A recent employment tribunal ruling is a useful reminder of the special protection afforded to pregnant employees facing redundancy.

In early 2016, the British Museum began a 5-year scheme to train Iraqi archaeologists on excavation techniques and site-management best practice. Ms Niki Savvides was hired for the role of training co-ordinator, initially on a one-year, fixed-term contract, with the expectation that her role would continue for the duration of the project. Towards the end of the first year, she informed the Museum that she was pregnant. Talks commenced with the Museum to secure maternity cover but soon afterwards she was informed that the emphasis of the role had changed, that a new post was to be created and that she was being made redundant. The role was then advertised externally and Miss Savvides applied. Unable to attend the interview due to pregnancy-related illness, the Museum withdrew her application.

In Savvides v The Trustees of the British Museum, Ms Savvides contended that the new role of project co-ordinator was similar enough to her current role that it should have been offered to her without having to apply when it was advertised externally. She claimed for automatic unfair dismissal and discrimination on the grounds of pregnancy.

A tribunal agreed and found in her favour. It held that the role change meant the Museum did in fact have a genuine redundancy situation, but as Ms Savvides had the requisite skills for the new role she should have been offered the job. Accordingly, the dismissal was automatically unfair.

In addition, the tribunal found that by withdrawing Ms Savvide’s application when she was unable to attend the interview due to the pregnancy-related illness, the Museum had discriminated against her and awarded an undisclosed financial settlement.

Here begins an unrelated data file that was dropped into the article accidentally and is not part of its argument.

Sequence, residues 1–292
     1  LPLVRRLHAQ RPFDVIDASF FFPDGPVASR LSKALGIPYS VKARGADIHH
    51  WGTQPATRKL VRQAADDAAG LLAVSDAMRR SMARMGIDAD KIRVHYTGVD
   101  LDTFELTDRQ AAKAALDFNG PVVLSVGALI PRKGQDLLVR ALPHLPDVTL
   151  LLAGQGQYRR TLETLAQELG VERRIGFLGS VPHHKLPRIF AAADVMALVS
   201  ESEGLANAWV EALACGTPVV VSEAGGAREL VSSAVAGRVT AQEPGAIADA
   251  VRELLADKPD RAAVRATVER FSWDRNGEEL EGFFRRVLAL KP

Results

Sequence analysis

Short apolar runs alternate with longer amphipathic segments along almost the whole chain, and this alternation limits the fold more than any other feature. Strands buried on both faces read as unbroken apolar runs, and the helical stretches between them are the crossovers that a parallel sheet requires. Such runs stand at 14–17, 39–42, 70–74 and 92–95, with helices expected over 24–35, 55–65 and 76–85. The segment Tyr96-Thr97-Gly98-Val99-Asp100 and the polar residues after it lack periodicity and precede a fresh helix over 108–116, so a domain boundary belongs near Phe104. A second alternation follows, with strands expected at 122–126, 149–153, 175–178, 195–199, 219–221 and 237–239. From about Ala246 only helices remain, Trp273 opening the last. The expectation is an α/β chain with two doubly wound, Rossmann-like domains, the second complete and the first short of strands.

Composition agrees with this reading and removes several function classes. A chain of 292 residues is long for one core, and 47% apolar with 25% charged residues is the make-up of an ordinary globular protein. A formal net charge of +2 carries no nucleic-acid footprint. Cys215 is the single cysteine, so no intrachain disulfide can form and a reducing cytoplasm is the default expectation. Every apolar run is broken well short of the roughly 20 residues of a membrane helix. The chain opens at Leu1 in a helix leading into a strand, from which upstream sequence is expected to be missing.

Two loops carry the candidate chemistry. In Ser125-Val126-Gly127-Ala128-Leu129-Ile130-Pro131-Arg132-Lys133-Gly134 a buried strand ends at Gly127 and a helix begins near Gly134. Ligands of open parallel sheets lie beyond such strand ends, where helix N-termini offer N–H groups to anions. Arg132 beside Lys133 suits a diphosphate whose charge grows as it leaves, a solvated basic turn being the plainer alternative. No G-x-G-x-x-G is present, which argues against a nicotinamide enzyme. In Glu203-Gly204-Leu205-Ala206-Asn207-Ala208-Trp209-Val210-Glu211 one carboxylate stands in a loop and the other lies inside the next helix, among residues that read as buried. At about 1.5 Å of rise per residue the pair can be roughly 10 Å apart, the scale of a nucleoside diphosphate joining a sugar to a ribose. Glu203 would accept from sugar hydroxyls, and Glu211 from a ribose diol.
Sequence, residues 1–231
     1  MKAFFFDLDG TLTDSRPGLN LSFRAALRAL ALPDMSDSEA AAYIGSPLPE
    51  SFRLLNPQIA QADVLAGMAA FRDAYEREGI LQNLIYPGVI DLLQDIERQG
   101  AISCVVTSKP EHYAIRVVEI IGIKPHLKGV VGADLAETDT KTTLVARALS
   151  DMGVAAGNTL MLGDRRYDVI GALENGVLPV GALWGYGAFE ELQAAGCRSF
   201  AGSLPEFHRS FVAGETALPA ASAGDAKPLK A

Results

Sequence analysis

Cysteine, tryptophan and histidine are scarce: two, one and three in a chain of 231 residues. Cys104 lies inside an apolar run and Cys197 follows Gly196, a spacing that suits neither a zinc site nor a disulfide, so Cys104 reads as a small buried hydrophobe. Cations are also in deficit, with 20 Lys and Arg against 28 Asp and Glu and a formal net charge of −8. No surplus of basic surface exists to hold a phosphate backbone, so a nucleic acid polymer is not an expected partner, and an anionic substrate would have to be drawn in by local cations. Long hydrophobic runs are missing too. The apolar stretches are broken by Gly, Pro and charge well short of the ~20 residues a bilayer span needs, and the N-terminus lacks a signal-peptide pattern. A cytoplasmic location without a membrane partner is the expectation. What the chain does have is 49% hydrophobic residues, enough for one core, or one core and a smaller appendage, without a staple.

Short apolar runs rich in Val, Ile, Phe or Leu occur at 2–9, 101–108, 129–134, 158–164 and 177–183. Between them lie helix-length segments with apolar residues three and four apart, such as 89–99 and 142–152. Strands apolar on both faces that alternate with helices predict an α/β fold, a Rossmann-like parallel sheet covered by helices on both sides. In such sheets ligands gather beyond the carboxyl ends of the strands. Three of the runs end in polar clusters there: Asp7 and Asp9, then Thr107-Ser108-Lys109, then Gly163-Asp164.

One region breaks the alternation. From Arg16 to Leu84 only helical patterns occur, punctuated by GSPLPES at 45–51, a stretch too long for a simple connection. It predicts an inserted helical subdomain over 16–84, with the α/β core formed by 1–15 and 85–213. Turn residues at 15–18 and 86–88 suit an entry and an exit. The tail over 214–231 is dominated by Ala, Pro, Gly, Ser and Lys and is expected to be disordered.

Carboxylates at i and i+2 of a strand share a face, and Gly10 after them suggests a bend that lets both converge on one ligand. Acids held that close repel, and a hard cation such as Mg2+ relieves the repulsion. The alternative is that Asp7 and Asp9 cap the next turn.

A spokeswoman for the British Museum said: “The British Museum values its employees highly and takes its responsibilities as an equal opportunities employer seriously; we aim to create a family friendly environment for all employees, through enhanced packages and flexibility and by consulting regularly with staff and representatives.

“The employment tribunal considered a case regarding the law on pregnancy discrimination, and came to its decision based on legal technicalities that were specific to this case.”

Notes to employers facing redundancies affecting staff who are pregnant, or on maternity leave.

Genuine redundancy situations do not mean that employers can lawfully dismiss pregnant employees or staff already on maternity leave. It is important to understand and correctly apply the law, most notably Regulation 10 of the Maternity and Parental Leave Regulations 1999 (MPLR) which covers the employees mentioned above.

In brief, Regulations 10 states: “This regulation applies where, during an employee’s ordinary or additional maternity leave period, it is not practicable by reason of redundancy for her employer to continue to employ her…Where there is a suitable available vacancy, the employee is entitled to be offered… alternative employment…”

Essentially an employee selected for redundancy whilst pregnant or on maternity leave, must be offered a suitable alternative role, if her employer has one. Furthermore, this employee should be offered the role in preference to other at-risk employees, even if the other employees were better suited for the role. Without adhering to the legal provisions of suitable alternative arrangements as set out in Regulation 10, any dismissal is automatically unfair and does not need a minimum length of service (normally two years) to recover unfair dismissal losses.

Additionally it is unlawful, due to Section 18 of the Equality Act 2010, for an employee to be treated unfavourably because of her pregnancy or maternity or any illness suffered due to the pregnancy. For a Section 18 claim, no comparator needs to be identified, making proving the case at tribunal easier. Compensation would then be payable for actual loss of earnings (capped), and also for injury to feelings (uncapped).

To be confident of compliance with the regulations, an employer who does not offer any alternative role should be able to show exactly why the new role is not suitable, ensuring that the failure to offer an alternative role is not due to the employee being on maternity leave.